Intel CEO Brian Krzanich, who was an engineer at the company 25 years ago, shared a big and interesting secret of his early days at the chip maker. Recently he appeared for an interview with Fortt Knox podcast and revealed that he made an error that almost got him fired, according to CNBC.
Intel could have fired him long back
Krzanich said, “I wiped out the output of an entire factory for a week. I’m lucky to be employed at Intel, sometimes I say.”
It did not doom him, but the way he handled the problem influenced the company culture, thus giving birth to a system called “Copy Exactly.” This has become a part of his identity now. Later, Krzanich was promoted to an executive position, becoming responsible for all of Intel’s factories. This earned him massive amounts of respect and prepared him for the CEO role, notes CNBC.
Third Point's Dan Loeb discusses their new positions in a letter to investor reviewed by ValueWalk. Stay tuned for more coverage. Loeb notes some new purchases as follows: Third Point’s investment in Grab is an excellent example of our ability to “lifecycle invest” by being a thought and financial partner from growth capital stages to Read More
The incident took place in the 1990s when Krzanich was in his early 30s. Intel had barely started to hit its stride at that time, with a strategy that would have led it to become the world’s top supplier of chips for personal computers. Krzanich’s job was to transfer the chip manufacturing process from one facility in New Mexico to the one next door. It didn’t work as intended, and production ground to a halt. For quite some time, he could not figure out what actually went wrong or how to fix it all.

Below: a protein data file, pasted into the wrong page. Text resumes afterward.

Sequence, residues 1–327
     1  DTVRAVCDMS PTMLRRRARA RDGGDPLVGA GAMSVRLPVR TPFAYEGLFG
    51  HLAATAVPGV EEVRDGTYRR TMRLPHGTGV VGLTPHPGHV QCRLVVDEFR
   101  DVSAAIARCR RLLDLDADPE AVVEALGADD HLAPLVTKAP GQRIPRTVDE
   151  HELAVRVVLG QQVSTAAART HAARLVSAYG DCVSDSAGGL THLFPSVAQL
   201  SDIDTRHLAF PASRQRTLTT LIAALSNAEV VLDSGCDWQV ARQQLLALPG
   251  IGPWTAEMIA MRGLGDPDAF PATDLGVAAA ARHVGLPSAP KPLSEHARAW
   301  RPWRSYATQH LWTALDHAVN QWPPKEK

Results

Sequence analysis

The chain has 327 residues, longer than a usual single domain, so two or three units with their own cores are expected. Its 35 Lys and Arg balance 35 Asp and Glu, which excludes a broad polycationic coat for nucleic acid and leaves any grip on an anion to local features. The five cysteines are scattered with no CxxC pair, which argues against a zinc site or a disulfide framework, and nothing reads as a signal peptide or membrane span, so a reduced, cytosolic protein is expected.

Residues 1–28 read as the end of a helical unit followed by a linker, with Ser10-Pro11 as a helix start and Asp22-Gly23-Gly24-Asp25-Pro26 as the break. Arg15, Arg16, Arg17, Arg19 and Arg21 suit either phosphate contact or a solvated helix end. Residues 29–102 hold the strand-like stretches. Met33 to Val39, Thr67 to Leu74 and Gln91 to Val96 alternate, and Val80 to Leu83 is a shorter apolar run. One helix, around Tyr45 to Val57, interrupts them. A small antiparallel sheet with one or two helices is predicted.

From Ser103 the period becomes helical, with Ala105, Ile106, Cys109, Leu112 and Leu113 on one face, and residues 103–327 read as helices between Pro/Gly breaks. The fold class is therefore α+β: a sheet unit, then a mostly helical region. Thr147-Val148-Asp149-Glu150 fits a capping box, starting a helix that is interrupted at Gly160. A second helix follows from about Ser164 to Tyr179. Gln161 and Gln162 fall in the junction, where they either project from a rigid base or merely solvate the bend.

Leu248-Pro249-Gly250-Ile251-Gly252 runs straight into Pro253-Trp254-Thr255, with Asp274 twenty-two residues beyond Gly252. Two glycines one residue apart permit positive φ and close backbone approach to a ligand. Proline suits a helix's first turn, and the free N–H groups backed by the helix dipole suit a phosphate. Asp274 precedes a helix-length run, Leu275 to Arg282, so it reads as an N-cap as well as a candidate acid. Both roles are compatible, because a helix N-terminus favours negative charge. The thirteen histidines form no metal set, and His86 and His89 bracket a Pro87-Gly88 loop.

What sets Krzanich apart?
Recalling it all, Krzanich said, “It went all the way up to the CEO. And my boss at one point walked into my office and said, ‘You have about two more weeks to figure out this issue, and if you don’t, I’ve got to let you go.’ And luckily, a friend of mine and I, we said we’re just not going to sleep until we solve this. And then, sure enough, we found the problem about a week into that two week time period.”
The way Krzanich rallied in a situation like this is not the only thing that sets him apart as a leader. It is also the no-frills approach that he brings to his work and his adaptability, which has allowed him to take his career and Intel to great heights.
In the interview, he also shared several more instances and aspects of his life. One such aspect is that he is never impressed with the prestige of a college’s brand on a resume.